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Cybersecurity Regulation Increases and Threat Intelligence Reduces Risk

Organizations in all industries struggle with the ability to identify all of the emerging cyber threats while addressing legal and regulatory consequences of cyber breaches. Federal and state regulators mandate that financial services firms in particular implement a robust cybersecurity program that should not only defend the firm against cyberattacks but also proactively identify cybercriminal activity.

Higher Regulatory Expectations

Financial services firms in New York, including banks, are now subject to explicit cybersecurity requirements. Beginning in March 2017, the New York Department of Financial Services (“NYDFS”) requires its covered financial institutions (“Covered Entities”) to adopt cybersecurity programs.1 Key requirements from the NYDFS include:

  • Adopting cybersecurity policies, procedures, training and monitoring
  • Designating a Chief Information Security Officer (“CISO”) and utilizing qualified cybersecurity personnel
  • Conducting cyber risk assessments
  • Defining responsibilities of third-party service providers
  • Using a defensive infrastructure to protect confidential data
  • Establishing an incident response plan
  • Certifying the cybersecurity program annually to the NYDFS

Be Ready to Certify the Cybersecurity Program

The NYDFS regulation is high on the radar of many senior bank officers as they now must file an Annual Board Resolution or Compliance Finding certifying compliance. Specifically, the board of directors or senior officer(s) are required to confirm that (1) they have reviewed all documents, reports, certifications and opinions of the bank’s officers, employees, representatives, outside vendors and other individuals or entities as necessary; and (2) to the best of their knowledge, the program complies with NYDFS’s regulations for the relevant reporting period.2

Gain a Level of Comfort with Cyber Threat Intelligence

To adequately mitigate cyber risk, reduce financial exposure, protect brand reputation, and be able to comfortably certify the firm’s cybersecurity program to the NYDFS, senior officers should consider a more proactive approach to mitigating cyber risks. Cyber threat intelligence programs can meet those needs.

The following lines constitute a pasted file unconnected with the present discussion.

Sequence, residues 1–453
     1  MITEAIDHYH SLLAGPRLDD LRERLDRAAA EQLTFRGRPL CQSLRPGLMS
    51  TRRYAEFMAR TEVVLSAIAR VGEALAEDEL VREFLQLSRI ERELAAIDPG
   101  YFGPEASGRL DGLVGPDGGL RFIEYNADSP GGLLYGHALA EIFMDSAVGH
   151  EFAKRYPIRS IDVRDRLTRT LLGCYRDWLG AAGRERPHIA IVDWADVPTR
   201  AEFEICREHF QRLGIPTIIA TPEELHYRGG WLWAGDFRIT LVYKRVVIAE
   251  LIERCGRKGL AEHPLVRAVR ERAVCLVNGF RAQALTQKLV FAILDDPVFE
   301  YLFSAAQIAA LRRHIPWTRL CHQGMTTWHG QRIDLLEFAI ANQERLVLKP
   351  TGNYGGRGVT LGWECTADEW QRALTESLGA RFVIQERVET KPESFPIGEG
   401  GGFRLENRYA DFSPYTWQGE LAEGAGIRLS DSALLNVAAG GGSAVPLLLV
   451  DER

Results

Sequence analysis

Traditional cybersecurity and fraud prevention solutions are typically designed to detect and repel malicious activity in real time. For example, a firewall can block a connection attempt to an IP address that is “blacklisted.” Such defensive or “perimeter security” approaches, however, have done little to curtail cyber attacks and breaches, as hackers constantly improve their capabilities and tools.

Cyber threat intelligence programs can look beyond an organization’s network perimeter to gain early visibility of adversaries’ malicious activities, plans and tools. This visibility allows security teams to detect emerging threats before they materialize into damaging attacks and to contain attacks at earlier stages. Consider the following analogy: To physically protect a building, a traditional defensive approach includes tall fences, security cameras and sensors, and a patrol of armed guards. A proactive, intelligence-driven approach includes all of the above, as well as sensors and cameras placed five miles outside the facility’s perimeter to detect incoming threats (i.e., who is approaching? What weapons are they carrying?) and allow the armed guards to prepare accordingly.

It’s easy to see how this analogy translates into the digital world. Similar to the physical world, traditional cybersecurity solutions rely on known vulnerabilities and threat indicators to detect security incidents and risks. As a result, existing security tools and assessments, such as firewalls, intrusion detection systems, and penetration tests, are defensive measures and are typically backward-looking and ineffective at detecting new vulnerabilities, exploits, and attack tactics, which may take days, weeks, or even months before they are discovered and understood.

Indeed, data breaches can often go undetected for months; in 2015, attackers were present on a victim company’s network an average of 146 days before being discovered3 and more recently, a major U.S. retailer disclosed a year-long data breach.4